For both fiction and nonfiction writers, the Chicago Manual of Style‘s section “Manuscript Preparation for Authors” is  a good place to start. Different genres, journals, and academic disciplines often have their own requirements, some of which are very specific and should be followed to the letter.

Learn the conventions and expectations that prevail in whatever field you’re in. This is especially true if your ms. includes citations — footnotes and/or endnotes, bibliography or reference list. As I noted in “B Is for Backmatter,” messily formatted citations make editors very cranky. Writers are well advised to avoid this whenever possible.

I Is for Italics

After reading “E Is for Ellipsis,” my friend the mystery writer Cynthia Riggs emailed me. “I can hardly wait until u get to I,” she wrote. “I, I hope, will stand for ‘italics.'”

This sentence is set in italics. In typographical terms, type that isn’t italicized is called “roman.” Most of this blog post – and most of most books — is set in roman type. For most fonts, roman is the default setting. Italics and bold are among its variations.

Cynthia is currently one of the jurors in a major mystery award’s first-novel category. The novels she has read so far are, to put it tactfully, a mixed bag. She went on:

The current book I am reviewing has alternate chapters printed in italics. ALL italics, page after page. It’s like reading someone’s handwritten manuscript. The chapters jump from one where I’m not even aware of the printed word, where the author’s voice goes directly into my brain, to a sudden slow-down where I must decipher each wiggly word and consider what the words mean when put together.

In another first-novel entrant, “each character’s words [were set] in a distinctive typeface so we, the readers, would know who’s speaking.”

Curious, I inspected these titles at the next opportunity, which arose PDQ because my Sunday-night writers’ group meets at Cynthia’s house. As I suspected, they were self-published. Self-publishing authors not only produce the manuscript; they also assemble the production team that sees it into print and markets it. Novice self-publishers often skimp on the professional editing and design that make a book readable.

A capable, experienced book designer knows  that in general the goal is to produce pages where, as Cynthia put it, readers are “not even aware of the printed word, where the author’s voice goes directly into [the reader’s] brain.” When the type calls attention to itself, it’s because the designer intended it to. In typography, less is often more. Any technique used to excess becomes, well, excessive. It loses impact and annoys the reader.

The digital age makes excess all too easy. Even the fairly basic options that WordPress offers bloggers include bold, italics, bold italics, strikeout, and lots of pretty colors. Word-processing apps like Word and LibreOffice offer a gazillion fonts in an array of sizes, most of which you would not want to read a whole book in, or even a short chapter.

Newspapers and other publications following the Associated Press (AP) stylebook have managed to get by without italics since forever. Before the age of digital composition, italics were hard to produce and couldn’t be transmitted by wire, which is how news stories were transmitted from the wire services to their subscribers around the world. However, as noted on the AP Stylebook‘s website, “Publications that adhere to AP editing style make their own decisions on graphics and design, including use of italics.”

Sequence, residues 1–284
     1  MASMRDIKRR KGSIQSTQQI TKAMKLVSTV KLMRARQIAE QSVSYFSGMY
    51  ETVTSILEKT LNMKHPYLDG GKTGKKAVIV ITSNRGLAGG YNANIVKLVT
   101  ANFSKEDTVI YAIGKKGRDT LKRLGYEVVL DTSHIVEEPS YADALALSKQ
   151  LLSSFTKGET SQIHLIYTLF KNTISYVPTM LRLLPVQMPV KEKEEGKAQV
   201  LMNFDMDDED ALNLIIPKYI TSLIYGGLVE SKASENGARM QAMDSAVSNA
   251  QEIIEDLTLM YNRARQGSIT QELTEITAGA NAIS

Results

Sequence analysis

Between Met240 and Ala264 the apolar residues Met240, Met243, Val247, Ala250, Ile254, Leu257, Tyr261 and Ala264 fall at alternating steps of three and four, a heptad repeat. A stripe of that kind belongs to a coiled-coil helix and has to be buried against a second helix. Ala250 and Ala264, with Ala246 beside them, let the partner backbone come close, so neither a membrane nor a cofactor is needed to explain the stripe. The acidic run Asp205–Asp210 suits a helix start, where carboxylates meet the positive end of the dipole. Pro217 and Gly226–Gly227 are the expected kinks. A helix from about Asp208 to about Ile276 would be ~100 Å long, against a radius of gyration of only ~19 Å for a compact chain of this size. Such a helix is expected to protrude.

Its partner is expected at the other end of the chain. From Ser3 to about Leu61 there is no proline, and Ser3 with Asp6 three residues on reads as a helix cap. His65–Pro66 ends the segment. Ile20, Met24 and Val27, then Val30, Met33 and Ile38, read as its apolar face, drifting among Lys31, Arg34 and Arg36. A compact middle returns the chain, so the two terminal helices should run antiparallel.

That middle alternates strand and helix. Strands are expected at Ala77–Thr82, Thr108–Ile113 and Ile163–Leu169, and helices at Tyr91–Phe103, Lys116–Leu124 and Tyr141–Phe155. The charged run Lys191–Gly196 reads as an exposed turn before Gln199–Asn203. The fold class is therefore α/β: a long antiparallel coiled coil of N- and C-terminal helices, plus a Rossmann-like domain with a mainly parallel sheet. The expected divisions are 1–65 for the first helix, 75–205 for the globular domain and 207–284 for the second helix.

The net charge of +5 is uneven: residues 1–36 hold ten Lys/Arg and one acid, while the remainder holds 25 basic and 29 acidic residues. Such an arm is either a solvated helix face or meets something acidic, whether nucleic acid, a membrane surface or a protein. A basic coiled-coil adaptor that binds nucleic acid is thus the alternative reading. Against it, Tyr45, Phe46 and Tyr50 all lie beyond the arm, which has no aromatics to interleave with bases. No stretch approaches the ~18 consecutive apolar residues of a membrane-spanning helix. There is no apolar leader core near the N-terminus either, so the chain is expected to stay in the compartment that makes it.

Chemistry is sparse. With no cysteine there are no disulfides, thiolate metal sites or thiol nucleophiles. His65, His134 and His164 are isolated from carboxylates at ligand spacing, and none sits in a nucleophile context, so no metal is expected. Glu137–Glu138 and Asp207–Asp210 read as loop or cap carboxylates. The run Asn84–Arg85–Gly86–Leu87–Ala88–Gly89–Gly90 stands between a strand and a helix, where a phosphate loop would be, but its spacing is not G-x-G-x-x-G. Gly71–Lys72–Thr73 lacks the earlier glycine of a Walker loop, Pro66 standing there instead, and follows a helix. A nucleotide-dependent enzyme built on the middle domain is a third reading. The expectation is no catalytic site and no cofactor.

That said, thanks to various widely accepted conventions,  italics do come in handy for conveying meaning, and good writers, editors, and designers learn to use them — and other typographical devices — wisely. Here are a few instances where the Chicago Manual of Style (CMS or CMoS) recommends the use of italics:

  • Titles of books and other full-length creative works. Short works, such as songs, poems, and short stories,  and the component parts of longer ones are set in roman with quotation marks. Example: “Natural Resources” is included in The Dream of a Common Language: Poems, 1974–1977, by Adrienne Rich.
  • Names of newspapers, e.g., the Martha’s Vineyard Times and the Vineyard Gazette. CMS  recommends setting “the” lowercase roman even when it’s part of the official title. Publications following AP style often initial-cap and italicize the whole official title, “the” included.
  • Foreign-language words that aren’t included in English-language dictionaries. For example, “raison d’être” comes from the French but is well established in English usage, so no italics. The Gaelic word uisge appears in one of my current copyediting projects. It’s not widely used in English, though the familiar word “whiskey” (also spelled “whisky”) is derived from it, so it’s italicized.

Many fiction writers use italics to indicate what a character is thinking, to distinguish it from what the character says out loud, which is set in roman with quotation marks on either side. Other writers stick with roman type but without the quotes. Either method can work, but keep in mind my friend Cynthia’s words. The goal is for the author’s voice to go directly into the reader’s brain. Typographical style can aid this process without calling attention to itself.

When writers rely too heavily on typography to get the point across, it’s often because the writing itself needs attention. Changes in speaker can be conveyed in words alone. Italics can be used to let readers know when a character is thinking to herself, but when the italics run on for a long paragraph or even a whole page or two, it’s time to take another look at the writing.